Thursday, July 19, 2012

Hybridize Lecture and Flipped Classrooms

Flipped classrooms have been a hot bead for debate the past few years. To create a Hybrid Education Vehicle (HEV) between the flip concept and traditional lecture, I will focus on a particular argument within this debate: the teacher loses control of content delivery by student acquisition outside the classroom.
At its core, the flipped concept is designed to deliver content to students outside of class via video, freeing class time for group work and increased teacher support of hands-on work. Traditional lecture is not student-teacher interaction. It is the teacher up front and students listening, sometimes. By students watching videos outside class time, they gain the same information but with the opportunity to rewind, pause, or restart as needed. Class time can then be used for true student-teacher interaction where students work in groups to accomplish tasks with teacher as facilitator.
A gripe with this design is the inability for the teacher to react to student understanding as they experience the lecture via video. In traditional lecture, students can raise their hands when they have questions. This can be seen as an advantage (answer the question on the spot) and as a distraction (derail the delivery of new material). So, how can components of the flipped design combine with in-class delivery for a positive HEV?
I propose taking the video delivery method of flipped classrooms and inserting them into the time allotted for in-class lecture. Provide students, or have students provide their own, Internet access for video playing. Individuals, partners, or small groups can work with one device to watch the same video a flipped class would watch at home. A necessary alteration is the mission of the video lecture. It cannot simply be information delivery. For this hybrid to work, students should be told to pause the video at checkpoints to complete an activity, have a discussion, or take notes. A positive of the flipped classroom is the increased teacher-student interaction at the individual level. During the in-class video lecture, the teacher can roam the room, answering quick questions, facilitating discussions, and offering corrections to activities. Further, the questions students are asked to note at home in the flipped model can be immediately discussed with a partner, group, or whole class.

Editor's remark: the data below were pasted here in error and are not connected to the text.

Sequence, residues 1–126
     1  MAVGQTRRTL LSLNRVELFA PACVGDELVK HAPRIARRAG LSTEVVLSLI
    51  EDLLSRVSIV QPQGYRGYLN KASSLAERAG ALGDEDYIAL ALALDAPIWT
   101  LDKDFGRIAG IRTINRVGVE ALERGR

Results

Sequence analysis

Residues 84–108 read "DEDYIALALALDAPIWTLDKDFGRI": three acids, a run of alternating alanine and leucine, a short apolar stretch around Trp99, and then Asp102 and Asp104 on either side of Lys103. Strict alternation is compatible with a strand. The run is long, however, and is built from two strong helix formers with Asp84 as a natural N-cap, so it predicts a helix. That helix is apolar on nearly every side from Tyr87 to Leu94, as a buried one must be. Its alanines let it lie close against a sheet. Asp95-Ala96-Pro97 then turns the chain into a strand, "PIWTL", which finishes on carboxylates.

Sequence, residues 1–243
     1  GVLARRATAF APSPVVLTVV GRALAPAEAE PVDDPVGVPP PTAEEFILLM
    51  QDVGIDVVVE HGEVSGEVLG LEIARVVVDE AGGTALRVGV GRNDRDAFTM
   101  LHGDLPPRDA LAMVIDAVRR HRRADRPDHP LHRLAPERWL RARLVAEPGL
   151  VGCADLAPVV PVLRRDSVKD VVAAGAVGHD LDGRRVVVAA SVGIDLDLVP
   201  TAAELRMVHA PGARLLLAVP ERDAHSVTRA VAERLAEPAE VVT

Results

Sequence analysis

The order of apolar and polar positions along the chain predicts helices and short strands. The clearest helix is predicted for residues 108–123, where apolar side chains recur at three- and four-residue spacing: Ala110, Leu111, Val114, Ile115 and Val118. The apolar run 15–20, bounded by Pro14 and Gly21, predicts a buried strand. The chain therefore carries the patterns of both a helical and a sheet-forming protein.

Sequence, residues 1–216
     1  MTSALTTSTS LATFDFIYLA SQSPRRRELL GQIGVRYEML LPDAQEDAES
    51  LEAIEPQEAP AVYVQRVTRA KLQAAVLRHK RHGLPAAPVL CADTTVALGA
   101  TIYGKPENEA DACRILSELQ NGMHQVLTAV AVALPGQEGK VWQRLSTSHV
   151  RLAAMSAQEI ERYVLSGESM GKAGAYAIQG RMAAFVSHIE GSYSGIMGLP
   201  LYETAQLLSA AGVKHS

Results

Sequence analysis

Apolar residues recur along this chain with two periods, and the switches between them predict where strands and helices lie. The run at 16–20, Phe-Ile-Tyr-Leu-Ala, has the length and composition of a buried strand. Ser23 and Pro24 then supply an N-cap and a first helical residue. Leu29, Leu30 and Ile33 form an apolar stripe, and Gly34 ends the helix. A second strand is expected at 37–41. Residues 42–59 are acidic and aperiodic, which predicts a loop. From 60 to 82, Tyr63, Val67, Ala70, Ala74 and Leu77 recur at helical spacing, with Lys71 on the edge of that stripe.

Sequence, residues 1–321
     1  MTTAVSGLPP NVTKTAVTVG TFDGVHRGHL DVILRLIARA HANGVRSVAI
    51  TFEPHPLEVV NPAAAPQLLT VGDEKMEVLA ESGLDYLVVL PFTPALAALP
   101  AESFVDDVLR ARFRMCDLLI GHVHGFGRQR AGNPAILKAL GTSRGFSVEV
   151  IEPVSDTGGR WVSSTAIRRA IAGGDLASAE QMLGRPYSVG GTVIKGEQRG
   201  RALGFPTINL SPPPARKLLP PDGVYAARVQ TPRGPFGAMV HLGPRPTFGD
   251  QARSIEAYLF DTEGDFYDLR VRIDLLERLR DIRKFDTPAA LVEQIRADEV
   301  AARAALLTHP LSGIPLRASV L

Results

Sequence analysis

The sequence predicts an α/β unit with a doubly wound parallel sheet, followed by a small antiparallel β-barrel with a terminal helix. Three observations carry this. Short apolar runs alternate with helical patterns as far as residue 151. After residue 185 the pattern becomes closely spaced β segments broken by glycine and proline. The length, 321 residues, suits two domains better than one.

Lecturers will appreciate the ability to monitor the consumption of material; flipped lovers will be satisfied that the videos can be archived for review outside of class, absent students can be caught up, and continued individualized learning (Bergman, Overmyer, & Willie, 2012). Of course, as with any good pedagogy, this process needs to be explicitly taught. Students need to be trained on behavior expectations. The structure can be modified for various levels of technology access and learning styles present in the classroom. I have the luxury of a 104 minute block class period to utilize this model early in the period and have plenty of class time for workshop or project based learning. Teachers with less time can video lecture once for several days of group work.

Bergman, J., Overmyer, J., & Willie, B. (2012, April 14). The Flipped Class: Myths vs. Reality. Retrieved from
psutlt. (2012, February 18). Flipping the Classroom- Simply Speaking [Video file]. Retrieved from

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